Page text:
The engineers came to Thurston to complain that they had been given the wrong part.
Thurston categorically assured them that he was "200 percent confident" that he had given them an SMIC part. "And they said it can't be, because it's identical. And I said thank you very much, that's what I wanted to hear."
Thurston's suspicions had been confirmed: SMIC had infringed on TSMC's patents and misappropriated its trade secrets.
In late 2003 TSMC eventually filed a lawsuit against SMIC in the U.S. district court of Northern California. At the time SMIC already ran three eight-inch fabs in Shanghai, had acquired a Motorola eight-inch fab in Tianjin and was building three 12-inch fabs in Beijing in what it called a diamond-shaped expansion strategy.
When a year later the United States International Trade Commission (ITC), where TSMC had also filed its case, came out with a comprehensive discovery schedule, SMIC, which had not yet handed over any documents, knew it would be required to come clean. As a result, SMIC was prompted to go for a settlement. But at the time of the first settlement in 2005, TSMC did not know that SMIC actually had 15,000 TSMC documents, amounting to 500,000 pages of information.
"Quite honestly, if we had known back in 2005 they had our stuff on 0.13 (micron), 90 nanometer, then, yeah, the dollar amount would have gone up in the original settlement. We wouldn't have been satisfied with a settlement of (US$) 175 million. We would have wanted more," Thurston admits in hindsight, shrugging his shoulders.
The company had no choice but to believe the assurances of SMIC CEO Richard Chang, who claimed that it all had been "independently developed."
But in the end developments at SMIC itself were playing into the hands of TSMC. Despite government backing, SMIC had been racking up losses for nine consecutive years, prompting major shareholders to make plans for Richard Chang's replacement. (Eventually, his seat was filled by David N.K. Wang, a former chairman at Chinese chipmaker Huahong NEC.)
The time was ripe for TSMC, which had long been patiently waiting, to use its strategy number three – instead of squashing its rival, keeping it alive and securing strategic influence on the inside.
A World-class Legal Team
Crucial for TSMC's victory was that it put together a world-class legal team in the five years after filing the first lawsuit against SMIC. The company has also established a comprehensive trade secret management system, and firewall management in particular was brought up to international standards.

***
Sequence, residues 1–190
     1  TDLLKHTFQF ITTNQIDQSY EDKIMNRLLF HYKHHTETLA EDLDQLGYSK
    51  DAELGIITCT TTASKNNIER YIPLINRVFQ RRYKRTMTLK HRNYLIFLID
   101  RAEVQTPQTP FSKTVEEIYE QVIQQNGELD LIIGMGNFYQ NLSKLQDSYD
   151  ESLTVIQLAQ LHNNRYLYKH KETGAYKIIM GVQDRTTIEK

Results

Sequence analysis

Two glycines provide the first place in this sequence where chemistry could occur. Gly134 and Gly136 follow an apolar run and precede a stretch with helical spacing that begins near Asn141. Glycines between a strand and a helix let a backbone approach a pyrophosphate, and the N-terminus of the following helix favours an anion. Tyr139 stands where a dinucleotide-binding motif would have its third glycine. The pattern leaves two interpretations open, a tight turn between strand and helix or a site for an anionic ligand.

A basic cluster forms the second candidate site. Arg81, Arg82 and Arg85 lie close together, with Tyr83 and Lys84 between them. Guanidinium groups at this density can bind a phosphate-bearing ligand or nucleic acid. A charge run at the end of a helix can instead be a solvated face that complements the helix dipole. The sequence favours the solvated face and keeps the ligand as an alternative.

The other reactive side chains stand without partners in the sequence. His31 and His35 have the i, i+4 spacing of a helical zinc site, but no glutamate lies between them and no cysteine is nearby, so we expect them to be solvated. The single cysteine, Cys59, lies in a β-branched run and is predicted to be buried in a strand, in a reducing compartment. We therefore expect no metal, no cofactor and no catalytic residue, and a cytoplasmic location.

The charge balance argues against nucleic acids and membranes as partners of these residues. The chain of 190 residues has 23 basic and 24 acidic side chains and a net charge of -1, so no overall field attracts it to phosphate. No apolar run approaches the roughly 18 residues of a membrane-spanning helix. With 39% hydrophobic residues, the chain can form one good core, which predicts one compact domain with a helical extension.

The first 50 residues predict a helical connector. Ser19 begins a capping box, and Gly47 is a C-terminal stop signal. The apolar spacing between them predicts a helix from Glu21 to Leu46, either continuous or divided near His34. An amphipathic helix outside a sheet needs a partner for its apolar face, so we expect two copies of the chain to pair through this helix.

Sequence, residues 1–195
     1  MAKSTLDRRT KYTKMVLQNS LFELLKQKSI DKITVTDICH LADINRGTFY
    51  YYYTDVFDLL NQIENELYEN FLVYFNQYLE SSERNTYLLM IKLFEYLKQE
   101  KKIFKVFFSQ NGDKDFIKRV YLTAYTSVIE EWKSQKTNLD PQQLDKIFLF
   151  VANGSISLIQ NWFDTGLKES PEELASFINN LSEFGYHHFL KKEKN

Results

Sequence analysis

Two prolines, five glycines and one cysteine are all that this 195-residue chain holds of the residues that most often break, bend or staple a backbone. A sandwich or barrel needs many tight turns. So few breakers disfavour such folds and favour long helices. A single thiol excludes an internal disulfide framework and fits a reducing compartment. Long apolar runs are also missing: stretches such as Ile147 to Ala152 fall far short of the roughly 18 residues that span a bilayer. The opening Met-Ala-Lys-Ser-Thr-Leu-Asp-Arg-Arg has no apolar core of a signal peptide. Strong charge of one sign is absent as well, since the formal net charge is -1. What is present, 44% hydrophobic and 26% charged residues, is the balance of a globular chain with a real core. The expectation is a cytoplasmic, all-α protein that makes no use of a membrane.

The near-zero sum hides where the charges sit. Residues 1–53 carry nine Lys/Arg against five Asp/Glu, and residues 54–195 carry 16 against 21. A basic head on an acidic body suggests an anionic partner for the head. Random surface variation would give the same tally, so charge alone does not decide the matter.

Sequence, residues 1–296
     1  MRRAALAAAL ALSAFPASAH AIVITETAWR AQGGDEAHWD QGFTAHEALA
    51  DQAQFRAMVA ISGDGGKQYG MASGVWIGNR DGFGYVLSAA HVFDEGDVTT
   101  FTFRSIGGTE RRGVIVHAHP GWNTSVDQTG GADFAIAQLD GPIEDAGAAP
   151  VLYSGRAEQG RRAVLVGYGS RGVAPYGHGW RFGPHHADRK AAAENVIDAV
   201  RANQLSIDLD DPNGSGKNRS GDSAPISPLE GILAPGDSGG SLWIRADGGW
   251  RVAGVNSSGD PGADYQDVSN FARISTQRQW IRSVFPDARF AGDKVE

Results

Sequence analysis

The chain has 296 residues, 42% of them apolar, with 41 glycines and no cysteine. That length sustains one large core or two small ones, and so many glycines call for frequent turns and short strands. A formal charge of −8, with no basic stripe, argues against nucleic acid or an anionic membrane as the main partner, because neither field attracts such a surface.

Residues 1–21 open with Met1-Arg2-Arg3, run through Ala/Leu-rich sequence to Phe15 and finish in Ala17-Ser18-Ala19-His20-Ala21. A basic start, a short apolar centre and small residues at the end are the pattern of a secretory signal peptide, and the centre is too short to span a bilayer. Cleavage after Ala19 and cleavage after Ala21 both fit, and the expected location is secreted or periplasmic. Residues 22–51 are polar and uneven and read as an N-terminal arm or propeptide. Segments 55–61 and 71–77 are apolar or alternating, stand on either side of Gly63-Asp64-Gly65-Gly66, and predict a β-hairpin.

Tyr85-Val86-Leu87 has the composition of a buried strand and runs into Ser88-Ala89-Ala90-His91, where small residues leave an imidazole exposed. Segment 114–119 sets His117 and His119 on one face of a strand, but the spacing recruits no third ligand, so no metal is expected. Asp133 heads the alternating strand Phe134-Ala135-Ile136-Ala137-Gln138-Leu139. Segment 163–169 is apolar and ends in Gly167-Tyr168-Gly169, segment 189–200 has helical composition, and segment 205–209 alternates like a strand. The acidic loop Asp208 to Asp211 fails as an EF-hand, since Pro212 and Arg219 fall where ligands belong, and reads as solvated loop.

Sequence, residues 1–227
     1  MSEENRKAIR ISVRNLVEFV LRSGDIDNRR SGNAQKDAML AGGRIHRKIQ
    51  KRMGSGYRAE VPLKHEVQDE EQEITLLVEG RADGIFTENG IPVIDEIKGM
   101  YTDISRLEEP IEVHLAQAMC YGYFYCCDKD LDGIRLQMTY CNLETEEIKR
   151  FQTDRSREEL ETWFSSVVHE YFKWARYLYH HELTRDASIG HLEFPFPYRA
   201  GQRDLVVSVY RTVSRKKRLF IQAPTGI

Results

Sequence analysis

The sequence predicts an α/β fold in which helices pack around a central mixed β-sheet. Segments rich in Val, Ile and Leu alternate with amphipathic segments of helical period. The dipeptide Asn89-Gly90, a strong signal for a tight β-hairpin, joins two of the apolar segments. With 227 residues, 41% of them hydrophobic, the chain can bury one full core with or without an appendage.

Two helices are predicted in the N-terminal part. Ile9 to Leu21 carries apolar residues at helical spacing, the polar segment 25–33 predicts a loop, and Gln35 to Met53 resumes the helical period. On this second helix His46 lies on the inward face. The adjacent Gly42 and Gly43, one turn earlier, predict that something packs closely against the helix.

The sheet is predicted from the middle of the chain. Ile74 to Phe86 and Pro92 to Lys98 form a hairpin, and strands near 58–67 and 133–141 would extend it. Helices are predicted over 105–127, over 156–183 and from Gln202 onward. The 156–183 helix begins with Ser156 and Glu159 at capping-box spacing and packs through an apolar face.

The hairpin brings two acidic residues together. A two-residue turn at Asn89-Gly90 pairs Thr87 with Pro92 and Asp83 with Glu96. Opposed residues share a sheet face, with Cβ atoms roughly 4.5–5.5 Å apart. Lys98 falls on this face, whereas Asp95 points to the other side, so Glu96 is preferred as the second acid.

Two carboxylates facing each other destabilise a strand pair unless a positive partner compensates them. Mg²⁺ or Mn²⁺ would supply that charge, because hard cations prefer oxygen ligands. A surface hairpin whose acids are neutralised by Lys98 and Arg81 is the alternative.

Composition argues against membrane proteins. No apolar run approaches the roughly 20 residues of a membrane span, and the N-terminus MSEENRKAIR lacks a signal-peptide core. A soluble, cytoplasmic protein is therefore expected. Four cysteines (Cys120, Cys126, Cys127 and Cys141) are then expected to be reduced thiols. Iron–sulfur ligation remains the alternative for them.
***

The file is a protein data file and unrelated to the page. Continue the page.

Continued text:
Thurston urges other Taiwanese companies not to take IP protection lightly. "Small or medium-sized companies need to start with the right internal analysis, to protect your basic IP, get your technology roadmap, and figure out what you want to protect," he suggests, noting that protecting IP as a trade secret is more inexpensive than filing patent applications.
He also points out that support from the CEO and top management is crucial when fighting legal disputes.
"For any legal officer, certainly for general counsel, to succeed, they need the management team to commit and believe this is the right thing to do," says Thurston in describing the unconditional backing that he always enjoyed, even though Morris Chang often presented him with sharp questions. "Morris, you know, he's very tough. He will challenge me. He will challenge me on budget, on how we are going to win, that sort of thing, but there's never a question about support."
Having recruited a foreign general to command its front line, TSMC assembled a legal team of more than twenty, and scored a victory in court that gives the chipmaker a strategic advantage most Taiwanese companies could never imagine.
"As a result of this case, TSMC will be able to control China's contract chipmakers. Not only are they SMIC's shareholder, but they can also use patent assignments to control SMIC in the long term. It's like they can threaten SMIC, saying, 'If you don't behave, we will terminate our patent assignments and none of your products will be able to leave the fab'," concludes a veteran legal expert from the semiconductor industry.
Making Beijing a Winner
TSMC's strategy of settling out of court has another added bonus in that it makes the Chinese government look like a winner too.
Eager to develop a homegrown semiconductor industry, the governments of Beijing, Shanghai, Wuhan, Chengdu and Guangzhou had all dug deep into their own coffers to support SMIC. But frustrated with SMIC's lackluster performance, the major shareholders judged that Richard Chang's mission – laying the groundwork for a Chinese semiconductor industry and overseeing fab construction – had come to an end.
The next step for SMIC should be to accelerate R&D and increase innovation in IC design. The specific role of TSMC in this process remains to be seen, but the current sentiment within SMIC's board of directors is receptive to leadership from its new Taiwanese shareholder.
As one professional manager who used to be involved in SMIC's operations puts it: "As long as there are people within TSMC who are able to help SMIC take off, why not? There's nothing to lose."
In the past, TSMC disrupted the value chain in the chipmaking industry with its unique business model of a dedicated foundry. In the future, it will be able to realize its ambitions in China by nurturing Chinese IC design with an open innovation platform. In a tacit understanding, TSMC and the Chinese government fought a perfect intellectual property battle, both emerging as winners.
Translated from the Chinese by Susanne Ganz